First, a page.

TRONS ‘R’ US

Akwasi Bediako Afrane

A project that seeks to investigate and explore the relationship between humans, technology and our environment.

Technology, an act of engaging varied means to unearth our reality in order to better understand and simplify our existential lives is perched at the apex of the human’s needs, thus; driving the human’s daily endeavours. The quest for more technological advancement has substituted the love for veins, blood, skin, bones, and organs with that of oil, electric cables, dry cells, and the internet. The spread of the viral prosthetic “must-have” syndrome in relation to electronic gadgets has become indispensable for most humans. As patrons, we amass and abandon more of these gizmos in our quest to supplement our deficiencies. In this process, a black-box is triggered, as unbeknownst to us we are constantly discarding gizmos that are infused with our genes and consciousness. TRONS ‘R’ US presents TRONS in the ‘stead’ of people as a blank slate to provoke conversations about the nature of the “human” and how the human’s quest for sustenance burdens the environment. By altering rejected gizmos into TRONS and presenting them as anti-machines, they are offered as a prism through which to critique our state of ‘being’. The visceral traits of these TRONS form a narrative that will provoke questioning and discussions about our being. The project seeks to present audiences with a paradoxical scene of the world we are leaving behind as the one we aim to, or look forward to. This research project also seeks to delve deeper, to try to understand and query what propels the human to these technological gadgets, and why.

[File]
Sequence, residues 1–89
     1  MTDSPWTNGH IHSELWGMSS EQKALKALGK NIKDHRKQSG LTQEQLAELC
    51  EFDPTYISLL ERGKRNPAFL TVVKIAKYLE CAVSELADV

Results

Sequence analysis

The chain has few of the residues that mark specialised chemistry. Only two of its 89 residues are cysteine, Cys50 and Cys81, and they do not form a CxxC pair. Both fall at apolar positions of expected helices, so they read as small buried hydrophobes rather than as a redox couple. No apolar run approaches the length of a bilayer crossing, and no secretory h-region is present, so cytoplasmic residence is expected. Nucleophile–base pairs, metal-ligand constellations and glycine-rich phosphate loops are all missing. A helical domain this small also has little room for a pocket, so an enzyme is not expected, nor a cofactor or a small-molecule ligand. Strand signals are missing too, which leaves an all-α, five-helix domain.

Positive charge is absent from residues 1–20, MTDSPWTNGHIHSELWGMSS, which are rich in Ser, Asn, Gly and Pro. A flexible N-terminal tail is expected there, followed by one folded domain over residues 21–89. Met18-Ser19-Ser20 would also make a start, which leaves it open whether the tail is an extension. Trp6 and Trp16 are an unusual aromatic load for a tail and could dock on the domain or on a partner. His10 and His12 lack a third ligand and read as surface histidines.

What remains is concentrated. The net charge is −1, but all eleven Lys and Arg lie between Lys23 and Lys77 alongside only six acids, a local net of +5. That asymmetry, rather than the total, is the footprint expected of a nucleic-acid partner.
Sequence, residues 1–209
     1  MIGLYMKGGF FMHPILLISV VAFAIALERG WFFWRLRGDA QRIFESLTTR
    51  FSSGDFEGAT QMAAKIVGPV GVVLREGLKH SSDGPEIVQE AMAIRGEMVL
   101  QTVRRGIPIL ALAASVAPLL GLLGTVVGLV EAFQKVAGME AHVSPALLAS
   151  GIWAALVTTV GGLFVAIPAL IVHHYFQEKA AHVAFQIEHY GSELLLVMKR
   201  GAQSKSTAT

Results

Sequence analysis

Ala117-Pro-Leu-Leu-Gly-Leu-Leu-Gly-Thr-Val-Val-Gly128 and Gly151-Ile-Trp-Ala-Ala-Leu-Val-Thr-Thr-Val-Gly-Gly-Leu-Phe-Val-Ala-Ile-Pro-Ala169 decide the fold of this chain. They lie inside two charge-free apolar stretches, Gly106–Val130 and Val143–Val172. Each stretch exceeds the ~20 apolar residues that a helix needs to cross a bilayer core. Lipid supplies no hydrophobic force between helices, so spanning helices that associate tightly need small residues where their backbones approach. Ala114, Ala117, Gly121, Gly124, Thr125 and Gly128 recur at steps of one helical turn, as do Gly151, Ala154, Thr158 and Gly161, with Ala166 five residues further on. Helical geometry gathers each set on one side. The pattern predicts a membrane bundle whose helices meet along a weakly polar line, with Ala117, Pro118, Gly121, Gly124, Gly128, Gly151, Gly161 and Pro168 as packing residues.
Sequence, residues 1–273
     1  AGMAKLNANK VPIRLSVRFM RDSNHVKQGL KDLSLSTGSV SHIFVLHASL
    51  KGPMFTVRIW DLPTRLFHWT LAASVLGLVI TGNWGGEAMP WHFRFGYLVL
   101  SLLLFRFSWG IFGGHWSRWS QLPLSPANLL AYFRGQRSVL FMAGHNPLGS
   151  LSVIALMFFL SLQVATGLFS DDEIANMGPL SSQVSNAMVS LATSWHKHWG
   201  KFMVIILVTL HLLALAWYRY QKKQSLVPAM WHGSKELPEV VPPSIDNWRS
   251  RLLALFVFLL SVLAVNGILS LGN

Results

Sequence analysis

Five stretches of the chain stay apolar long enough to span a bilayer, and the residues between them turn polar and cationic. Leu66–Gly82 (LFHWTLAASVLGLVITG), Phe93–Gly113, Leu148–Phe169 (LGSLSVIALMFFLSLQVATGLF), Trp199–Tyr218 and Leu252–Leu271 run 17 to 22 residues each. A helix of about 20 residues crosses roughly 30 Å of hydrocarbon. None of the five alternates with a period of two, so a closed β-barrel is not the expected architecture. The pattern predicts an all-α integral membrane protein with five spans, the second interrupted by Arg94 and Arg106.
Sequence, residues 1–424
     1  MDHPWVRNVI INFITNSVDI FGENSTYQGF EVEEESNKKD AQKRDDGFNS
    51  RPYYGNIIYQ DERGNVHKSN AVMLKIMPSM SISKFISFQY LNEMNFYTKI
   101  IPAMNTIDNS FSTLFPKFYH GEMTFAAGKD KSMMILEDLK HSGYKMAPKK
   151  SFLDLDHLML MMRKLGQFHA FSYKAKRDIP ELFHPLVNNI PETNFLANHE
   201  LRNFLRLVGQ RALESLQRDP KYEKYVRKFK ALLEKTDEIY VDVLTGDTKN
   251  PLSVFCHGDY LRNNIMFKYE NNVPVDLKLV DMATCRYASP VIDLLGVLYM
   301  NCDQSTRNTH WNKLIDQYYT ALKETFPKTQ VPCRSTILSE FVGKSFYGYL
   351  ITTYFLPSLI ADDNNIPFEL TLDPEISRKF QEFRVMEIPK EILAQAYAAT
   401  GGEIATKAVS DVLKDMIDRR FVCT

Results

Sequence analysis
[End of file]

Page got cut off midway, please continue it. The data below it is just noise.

Photo: Anwar Sadat Mohammed

Photo: Anwar Sadat Mohammed

Photo: Anwar Sadat Mohammed

Photo: Anwar Sadat Mohammed

Akwasi Bediako Afrane, artist

Akwasi Bediako Afrane (b. 1990) is a Ghanaian artist living and working in Kumasi, Ghana. His works explore the idea of augmentation and extensions between technological gadgets and humans. He works with discarded electronic gadgets which he refers to as “amputees”, refashioning and repurposing them into machines and micro-organisms he describes as “TRONS”. These TRONS become potential platforms and media for reflection, engagement and interactions. Stripped bare of their familiar housing, the TRONS become mechanical gizmos subsumed with the consciousness of previous owners of these gadgets and himself.

(photo: Afia Asare)

Project Credits
Kankam Cedi, Jacob Danquah, Afia Asare and Obeng-Fosu

Acknowledgments
Frederick Okai, Va-Bene Elikem Fiatsi